Angelique Kidjo: Singing Songs of Hope in a Universal Language
The Hun School of Princeton’s Centennial Speaker Series continued on Tuesday, January 26th with Grammy award-winning singer, social activist, and humanitarian Angélique Kidjo. Ms. Kidjo wowed students, faculty, and guests with the power of her voice and the message of her songs. She told stories of her childhood: how she was afforded an education, how her family supported her love of singing, and how her work as a musician brought her back to her native Africa as a UNICEF Goodwill Ambassador.
In her role as a UNICEF Goodwill Ambassador, Ms. Kidjo knew that she wanted to shine a light on the limited access for girls’ to secondary education in Africa.
“When you are a girl, born in Africa, you have no identity. You belong to your father, who has the right to do whatever he wants with your life,” said Ms. Kidjo. She went on to explain that many girls are bartered as commodities in exchange for goods or money as young brides and mothers.
She continued, “It is proven, today, that when you invest in girls’ education – and it doesn’t matter where in the world – the GDP in the country rises up. We need to empower the girls, the women of this world, in order for our world to take another path. The path we are on is dangerous. I believe in the education of girls to solve a lot of problems.”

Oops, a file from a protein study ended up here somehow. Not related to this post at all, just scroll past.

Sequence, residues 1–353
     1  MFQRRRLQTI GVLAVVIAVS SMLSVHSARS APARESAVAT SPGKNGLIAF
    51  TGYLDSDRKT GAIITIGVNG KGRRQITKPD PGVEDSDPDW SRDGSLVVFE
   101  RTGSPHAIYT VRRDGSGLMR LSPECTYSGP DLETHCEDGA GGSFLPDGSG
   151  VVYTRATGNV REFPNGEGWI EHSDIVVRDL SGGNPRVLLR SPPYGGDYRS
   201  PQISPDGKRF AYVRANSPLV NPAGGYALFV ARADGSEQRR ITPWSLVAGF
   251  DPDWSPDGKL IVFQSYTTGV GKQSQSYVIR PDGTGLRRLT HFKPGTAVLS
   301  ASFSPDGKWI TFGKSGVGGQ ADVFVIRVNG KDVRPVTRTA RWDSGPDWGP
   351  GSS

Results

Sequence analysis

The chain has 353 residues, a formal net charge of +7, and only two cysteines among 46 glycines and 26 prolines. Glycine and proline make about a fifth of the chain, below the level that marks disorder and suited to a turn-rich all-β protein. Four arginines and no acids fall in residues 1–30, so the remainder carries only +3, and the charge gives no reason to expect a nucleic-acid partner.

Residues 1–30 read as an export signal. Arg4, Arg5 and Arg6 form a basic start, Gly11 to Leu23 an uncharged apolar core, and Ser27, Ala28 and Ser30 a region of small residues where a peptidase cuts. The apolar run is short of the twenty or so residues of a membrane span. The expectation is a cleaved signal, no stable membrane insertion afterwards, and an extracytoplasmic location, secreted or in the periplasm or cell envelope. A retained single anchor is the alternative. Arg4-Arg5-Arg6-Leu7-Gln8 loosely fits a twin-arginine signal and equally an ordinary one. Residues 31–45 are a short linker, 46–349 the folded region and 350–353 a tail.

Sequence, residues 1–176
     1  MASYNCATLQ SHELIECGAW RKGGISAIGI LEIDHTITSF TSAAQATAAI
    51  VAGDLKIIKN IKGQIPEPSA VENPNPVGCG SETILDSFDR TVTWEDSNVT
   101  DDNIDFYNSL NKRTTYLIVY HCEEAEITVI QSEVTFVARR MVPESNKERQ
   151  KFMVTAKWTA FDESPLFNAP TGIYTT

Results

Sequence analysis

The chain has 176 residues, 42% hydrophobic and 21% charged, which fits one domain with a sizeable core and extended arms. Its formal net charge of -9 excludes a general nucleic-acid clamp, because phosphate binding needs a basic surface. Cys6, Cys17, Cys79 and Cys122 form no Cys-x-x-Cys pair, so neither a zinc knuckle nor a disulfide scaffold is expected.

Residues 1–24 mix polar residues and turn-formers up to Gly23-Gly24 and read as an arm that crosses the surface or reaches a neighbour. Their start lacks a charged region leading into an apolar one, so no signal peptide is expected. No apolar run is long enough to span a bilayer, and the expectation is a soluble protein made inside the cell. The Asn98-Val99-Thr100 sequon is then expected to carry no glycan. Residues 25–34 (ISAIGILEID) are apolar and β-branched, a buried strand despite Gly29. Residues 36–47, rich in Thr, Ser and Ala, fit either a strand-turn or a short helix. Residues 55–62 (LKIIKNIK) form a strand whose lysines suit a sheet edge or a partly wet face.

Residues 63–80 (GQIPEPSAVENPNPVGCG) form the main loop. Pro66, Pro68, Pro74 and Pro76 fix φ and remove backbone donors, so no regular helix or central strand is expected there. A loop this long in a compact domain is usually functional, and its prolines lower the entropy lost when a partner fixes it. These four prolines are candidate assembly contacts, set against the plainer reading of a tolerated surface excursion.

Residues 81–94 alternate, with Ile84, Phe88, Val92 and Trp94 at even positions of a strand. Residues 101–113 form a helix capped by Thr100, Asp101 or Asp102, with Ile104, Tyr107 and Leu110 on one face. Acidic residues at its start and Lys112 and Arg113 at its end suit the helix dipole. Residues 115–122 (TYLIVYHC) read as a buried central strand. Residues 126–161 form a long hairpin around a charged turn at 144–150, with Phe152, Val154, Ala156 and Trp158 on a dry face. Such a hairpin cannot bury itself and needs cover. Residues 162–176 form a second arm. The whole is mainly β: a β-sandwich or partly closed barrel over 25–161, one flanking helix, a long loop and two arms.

With her own education and the rare talent of her voice, Ms. Kidjo began writing and performing songs that addressed the problems she saw in the world, along with a positive and hopeful message.
“My music has always been influenced by social issues,” explained Ms. Kidjo. “It is primarily through music that we can create a dialog between people. People can’t always speak the same language, but everyone can understand rhythm. You can understand the meaning of a song through your body, not just through your brain.”
As a young girl, Ms. Kidjo’s father explained the important responsibility she would have as an artist. He said to her, “It is your duty as an artist to write songs that build bridges – between culture, between people – to bring them to sit at the table and find a solution together.”
The Hun School of Princeton is an independent, coeducational, private day and boarding college preparatory school. Student-centered, hands-on learning prepares students for the global community in which they will live and work.